Anti-Apex Legends #NoApexAugust campaign fails spectacularly

A pirate shrugs in Apex Legends.

screenshot: EA

It’s not a universal maxim, but in many cases there’s no surer sign that a game is alive and well than when waves of players start calling it a “dead game.” The most recent example is Apex Legendswhich just broke an all-time player record in the midst of a coordinated – I use that word liberally – social media campaign asking players to opt out of the game for a month.

Apex Legendsa free-to-play first-person shooter that some people still call it Why aren’t you Titanfall 3?, which launched three years ago amid the industry’s battle royale boom. Though it seemed experimental at first, it was an entertaining, if short-lived, multiplayer pit stop between developer Respawn’s blockbusters (like titanium fall and Jedi: Fallen Order), apex quickly adopted a seasonal model. It has been running the live service train ever since and is now in its 14th season. Which brings us to #NoApexAugust, a community initiative to highlight various issues fans are having with the game.

#NoApexAugust has mostly organized itself around a hashtag on Twitter, although its genesis can be traced a Reddit post from last month. First, one player suggested a one-day strike Apex Legends. The post exploded. complaints about Apex Legends poured in (the first post has 1,000+ replies), and it eventually morphed into the idea that the community would take a whole month off the game.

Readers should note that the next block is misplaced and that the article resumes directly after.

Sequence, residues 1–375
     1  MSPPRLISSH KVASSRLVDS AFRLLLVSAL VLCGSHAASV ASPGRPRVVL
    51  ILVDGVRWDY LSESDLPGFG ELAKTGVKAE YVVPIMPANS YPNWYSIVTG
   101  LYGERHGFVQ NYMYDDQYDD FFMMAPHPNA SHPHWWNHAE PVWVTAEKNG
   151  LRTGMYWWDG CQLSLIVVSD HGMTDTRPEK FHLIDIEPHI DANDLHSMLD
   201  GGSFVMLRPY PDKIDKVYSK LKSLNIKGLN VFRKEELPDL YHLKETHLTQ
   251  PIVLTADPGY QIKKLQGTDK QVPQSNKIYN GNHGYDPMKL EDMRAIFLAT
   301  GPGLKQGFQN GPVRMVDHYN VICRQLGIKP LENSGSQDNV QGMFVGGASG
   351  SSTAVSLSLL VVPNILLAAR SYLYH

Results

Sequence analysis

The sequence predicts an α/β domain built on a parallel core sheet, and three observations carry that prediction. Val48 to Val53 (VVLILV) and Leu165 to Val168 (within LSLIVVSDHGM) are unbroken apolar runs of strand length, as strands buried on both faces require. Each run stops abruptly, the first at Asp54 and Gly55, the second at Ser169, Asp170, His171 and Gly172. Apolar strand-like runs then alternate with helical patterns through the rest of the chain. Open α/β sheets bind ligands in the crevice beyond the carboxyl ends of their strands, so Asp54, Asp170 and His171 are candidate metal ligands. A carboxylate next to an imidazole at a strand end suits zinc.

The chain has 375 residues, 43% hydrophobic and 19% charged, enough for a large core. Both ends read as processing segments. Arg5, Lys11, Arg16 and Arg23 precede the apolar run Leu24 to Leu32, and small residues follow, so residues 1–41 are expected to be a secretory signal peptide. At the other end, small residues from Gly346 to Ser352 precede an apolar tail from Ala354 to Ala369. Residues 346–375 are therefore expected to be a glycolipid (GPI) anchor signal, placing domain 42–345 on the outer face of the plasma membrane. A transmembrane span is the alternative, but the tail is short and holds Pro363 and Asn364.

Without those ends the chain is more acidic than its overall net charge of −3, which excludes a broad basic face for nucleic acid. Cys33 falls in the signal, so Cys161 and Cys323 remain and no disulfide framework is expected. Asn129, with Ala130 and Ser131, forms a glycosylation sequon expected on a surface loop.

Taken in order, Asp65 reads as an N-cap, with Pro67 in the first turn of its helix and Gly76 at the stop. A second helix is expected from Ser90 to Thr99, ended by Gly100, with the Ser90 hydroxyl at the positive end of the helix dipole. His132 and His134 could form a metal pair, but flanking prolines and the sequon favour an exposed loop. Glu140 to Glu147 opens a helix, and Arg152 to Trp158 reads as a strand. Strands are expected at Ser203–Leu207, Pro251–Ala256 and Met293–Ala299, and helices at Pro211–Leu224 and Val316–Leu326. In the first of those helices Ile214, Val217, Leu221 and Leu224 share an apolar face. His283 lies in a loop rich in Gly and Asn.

The idea of ​​#NoApexAugust was to spur Respawn and publisher EA into action and address what players see as issues with the game: the high-ping servers…or the lack of cross-progression…or the overpriced cosmetics…or the lack of it, or the interesting cosmetics…or the amount of specific items that some say are too powerful…or, look, players face a variety of different issues, many of which seem minor on their own, but add up to a larger rallying cry “Please fix the game” condense.

Just outside the gate, #NoApexAugust stuttered. Some people pointed this out that the player base actually elevated (albeit slightly) in the first two days of the month, immediately after the campaign launch. And just yesterday – once again while #NoApexAugust was reportedly in full swing –Apex Legends set his all-time record of players on Steam: 510,286 players, according to the stat tracking database Steam Charts. (The previous record of 411,183 was set in May. However, these numbers do not take into account players on consoles.)

Some dead game.

Apparently, #NoApexAugust failed spectacularly in its intended goal of getting players to stop playing Apex Legends. Due to the obvious irony, you are allowed at least one (1) giggle. That a social campaign is deserved at all – messy execution aside – draws attention to very real issues players are having with the game. These shouldn’t be ignored, even if players are coming out in record numbers.

Representative for EA that publishes Apex Legendsdid not respond to a request for comment in time for publication. Anti-Apex Legends #NoApexAugust campaign fails spectacularly

Curtis Crabtree

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